Pianist, composer and producer whose style oscillates between jazz, classical and experimental music. Born in 1982 in Warsaw.
Marcin Masecki has become one of the most creative and original musicians of the new generation, recording and performing as a member of a jazz ensemble, but also as a performer of avant-garde and pop music. He has founded and co-founded a number of successful musical projects and groups over the first decade of the 21st Century.
He took his first piano lessons as a child, and got interested in jazz around the same period. In 1997, while he was attending musical secondary school he joined the band Alchemik, lead by saxophonist Grzegorz Piotrowski. In 1998, the band won the main price at the Jazz Hoeilaart festival in Brussels, where Masecki was also acclaimed as best solo performer. After several intense and exhausting tours and the release of four albums, Masecki left the band. Parallel to that project, the musician also collaborated with the group Oxen, and in 1998 he recorded an album with Andrzej Jagodziński, entitled Tribute to Marek&Wacek. The duo associated with the quartet Prima Vista to release new interpretations of film scores from the 1930s: Gdzie są filmy z tamtych lat / Where are the Films of those Years (2000).
After graduating from secondary school in 2000, Masecki received a scholarship at the Berklee College of Music in Boston, where he spent two years dividing his time between studying, performing live and networking. He met the musicians with whom he formed the trio TAQ, as well as his future wife, vocalist Candelaria Saenz Valiente.
Masecki came back to Poland in 2002 and quickly melted with the alternative and improvisational musical scene in Warsaw, mostly concentrated around the independent record label Lado ABC. In addition to his solo performances, he became involved in the creation of numerous musical projects which combined jazz improvisation with an avant-garde concept: Telewizor, Papierosy, TAQ, Wczasowicz Paweł or the trio Masecki/Rogiński/Moretti. He performed as a guest musician on Pink Freud's album Alchemia, and collaborated with the bands Muzykoterapia and Afro Kolektyw. As a studio musician he recorded alongside Tomasz Stańko, Michał Urbaniak, Reni Jusis and the Waglewski family, including work on the album Męska muzyka by Waglewski/Fisz/Emade.
In 2005, Marcin Masecki received the first prize and gold medal at the International Jazz Piano Competition in Moscow.
For three years he belonged to the quartet of one of the most prominent Polish double bassists Zbigniew Wegehaupt, with whom he recorded the critically acclaimed albums Wege (2006) and Tota (2008).In 2009, Marcin Masecki released his sophomore solo album BOB, which received unanimous positive reviews in the Polish press, critics describing the record as one of the most original yet stylistically indefinable albums of the year. Almost simultaneously, the debut album of the band Paristetris - the band Masecki created with his wife Candelaria Saenz Valiente and multi-instrumentalist Macio Moretti - hit the shelves. The record was promoted via numerous impromptu performances combining music on the edge of pop, cabaret, jazz and improvised avant-garde, presenting an unusual new genre emerging from the Polish independent scene.
Later that year Masecki introduced his new project to the Polish public: a 9 member formation called JazzBandBigBand. The group focuses on the interpretation of jazz as dance music, playing mostly compositions from the 1930s. In 2010, Masecki initiated yet another project, the jazz sextet Profesjonalizm, where he returned to his more traditional roots and took a characteristically distorted view on jazz from the 40s and 50s. Quite typically for him the album balanced on the borderline of pastiche and tibute.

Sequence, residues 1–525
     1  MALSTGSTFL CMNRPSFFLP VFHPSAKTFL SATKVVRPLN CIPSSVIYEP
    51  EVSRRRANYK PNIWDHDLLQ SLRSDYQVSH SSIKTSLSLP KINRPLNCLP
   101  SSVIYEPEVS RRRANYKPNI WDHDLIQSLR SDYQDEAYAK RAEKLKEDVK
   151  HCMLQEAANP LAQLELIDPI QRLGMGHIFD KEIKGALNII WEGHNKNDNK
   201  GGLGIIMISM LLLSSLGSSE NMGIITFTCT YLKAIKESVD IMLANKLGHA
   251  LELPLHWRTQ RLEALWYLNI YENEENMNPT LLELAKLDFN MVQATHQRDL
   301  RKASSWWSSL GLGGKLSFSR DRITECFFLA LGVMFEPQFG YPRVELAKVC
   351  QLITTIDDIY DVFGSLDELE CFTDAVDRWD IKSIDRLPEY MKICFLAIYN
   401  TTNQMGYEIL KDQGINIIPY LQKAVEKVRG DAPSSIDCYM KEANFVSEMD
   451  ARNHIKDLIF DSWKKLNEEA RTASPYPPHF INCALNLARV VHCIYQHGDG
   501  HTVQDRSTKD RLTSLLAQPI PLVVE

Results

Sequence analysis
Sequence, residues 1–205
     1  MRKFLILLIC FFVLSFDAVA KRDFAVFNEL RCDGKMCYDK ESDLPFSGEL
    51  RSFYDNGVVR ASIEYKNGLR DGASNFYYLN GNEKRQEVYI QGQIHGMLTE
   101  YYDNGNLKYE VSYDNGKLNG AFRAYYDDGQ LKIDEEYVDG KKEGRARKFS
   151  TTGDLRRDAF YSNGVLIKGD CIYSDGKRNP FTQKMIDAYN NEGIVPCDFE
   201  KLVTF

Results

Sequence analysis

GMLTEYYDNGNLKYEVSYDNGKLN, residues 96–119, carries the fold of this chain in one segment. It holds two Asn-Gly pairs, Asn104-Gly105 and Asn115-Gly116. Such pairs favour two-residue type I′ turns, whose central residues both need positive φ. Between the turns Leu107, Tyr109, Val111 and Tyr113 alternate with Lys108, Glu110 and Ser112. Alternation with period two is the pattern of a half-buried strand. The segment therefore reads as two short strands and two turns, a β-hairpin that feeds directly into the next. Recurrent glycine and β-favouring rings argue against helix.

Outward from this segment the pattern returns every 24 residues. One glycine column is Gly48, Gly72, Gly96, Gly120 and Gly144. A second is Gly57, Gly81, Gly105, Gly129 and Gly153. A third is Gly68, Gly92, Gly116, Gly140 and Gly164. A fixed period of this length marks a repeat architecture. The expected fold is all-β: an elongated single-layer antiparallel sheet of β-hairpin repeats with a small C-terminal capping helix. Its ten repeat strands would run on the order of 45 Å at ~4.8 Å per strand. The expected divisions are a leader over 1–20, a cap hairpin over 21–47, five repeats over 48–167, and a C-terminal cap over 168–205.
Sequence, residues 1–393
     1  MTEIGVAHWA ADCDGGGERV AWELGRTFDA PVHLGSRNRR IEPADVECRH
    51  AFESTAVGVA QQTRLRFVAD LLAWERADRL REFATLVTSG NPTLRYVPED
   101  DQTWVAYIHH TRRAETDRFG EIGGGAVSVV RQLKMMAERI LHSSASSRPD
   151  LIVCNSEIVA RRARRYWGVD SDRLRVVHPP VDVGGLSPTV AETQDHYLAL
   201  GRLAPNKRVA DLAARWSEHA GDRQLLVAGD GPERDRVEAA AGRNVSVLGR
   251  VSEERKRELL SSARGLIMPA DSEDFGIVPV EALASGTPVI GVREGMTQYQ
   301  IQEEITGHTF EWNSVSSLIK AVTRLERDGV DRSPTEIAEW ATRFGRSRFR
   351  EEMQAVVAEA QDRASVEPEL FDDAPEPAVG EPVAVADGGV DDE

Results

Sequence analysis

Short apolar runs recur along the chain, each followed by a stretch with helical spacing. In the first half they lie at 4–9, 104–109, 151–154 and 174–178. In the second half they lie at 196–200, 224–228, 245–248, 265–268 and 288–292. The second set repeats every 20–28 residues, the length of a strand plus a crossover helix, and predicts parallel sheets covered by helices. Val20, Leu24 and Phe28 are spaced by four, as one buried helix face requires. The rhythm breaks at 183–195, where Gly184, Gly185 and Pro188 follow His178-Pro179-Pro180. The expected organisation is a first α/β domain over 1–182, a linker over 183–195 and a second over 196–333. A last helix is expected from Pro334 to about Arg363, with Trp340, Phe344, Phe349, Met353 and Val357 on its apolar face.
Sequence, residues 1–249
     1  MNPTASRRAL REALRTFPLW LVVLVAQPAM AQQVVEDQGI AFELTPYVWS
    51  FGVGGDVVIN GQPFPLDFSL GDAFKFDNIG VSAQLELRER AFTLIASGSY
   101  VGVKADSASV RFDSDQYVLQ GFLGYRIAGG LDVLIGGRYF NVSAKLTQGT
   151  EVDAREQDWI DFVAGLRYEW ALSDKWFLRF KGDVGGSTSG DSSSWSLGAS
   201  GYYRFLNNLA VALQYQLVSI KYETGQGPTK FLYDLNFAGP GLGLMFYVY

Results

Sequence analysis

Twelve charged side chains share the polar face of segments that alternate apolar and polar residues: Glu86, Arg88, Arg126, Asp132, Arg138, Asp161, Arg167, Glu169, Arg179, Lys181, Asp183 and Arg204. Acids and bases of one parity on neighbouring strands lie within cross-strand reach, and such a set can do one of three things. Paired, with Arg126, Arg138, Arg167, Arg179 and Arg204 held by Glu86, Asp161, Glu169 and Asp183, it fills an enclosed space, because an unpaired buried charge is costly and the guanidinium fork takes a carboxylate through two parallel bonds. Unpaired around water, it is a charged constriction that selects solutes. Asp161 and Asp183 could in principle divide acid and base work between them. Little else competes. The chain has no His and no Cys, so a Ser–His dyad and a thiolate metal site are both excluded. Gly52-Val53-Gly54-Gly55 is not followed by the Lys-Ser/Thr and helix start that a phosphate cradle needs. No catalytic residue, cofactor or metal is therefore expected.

His solo album John (at Lado ABC) was released in the Autumn of 2010, almost simultaneously to the second album of the band Paristetris entitled Honey Darlin.
In February 2012 he recorded Bach’s fugues on his grandmother’s vintage Steinway using only a handy tape recorder. Before the recording, he detuned the piano in order to spoil its perfect sound.
This unusual tuning, the hiss of the tape and the natural compression of the recorder should help us focus on the fugue’s structure instead of paying attention to the sound. By this means the piece goes straight to your head, not to your senses – said Masecki about the unconventional method of recording - Die Kunst Der Fuge by Jan Sebastian Bach is a Mount Everest for every pianist: few parallel voices with equal priority. I set the bar really high and this is my first album with classical music, so I was terribly afraid of the outcome.
In 2013 he released three albums: one was devoted to polonaises, the second was a deconstruction of the music of Scarlatti while the last was devoted to Bach again (this time recorded with Pianohooligan).
On Polonezy (Polonaises) Masecki uses the aesthetics of imperfection – the ineptitude of musicians becomes a value here and the compositions are designed in such a way as to provoke musicians to distract each other and create chaotic, unsettled sound situations. It sounds a bit like Nino Rota’s music for Fellini’s movies. Rota was obviously more ‘accurate’ but he shared the same love for little bloopers.
What is driving him?
I was a wunderkind, a little sweet blonde who spoke three languages – he recalled in an interview for Wysokie Obcasy Magazine – If you are given so much attention and fascination for nothing, when you grow older you want to live up to this, earn this with your own merits.
Where does the love for spoiling sounds come from?
I was taught to be clean and polished so it became a challenge to find beauty in something dirty and broken.
Author: Maciej Sienkiewicz, listopad 2010, Anna Gromnicka 2012, update: GS, September 2015.
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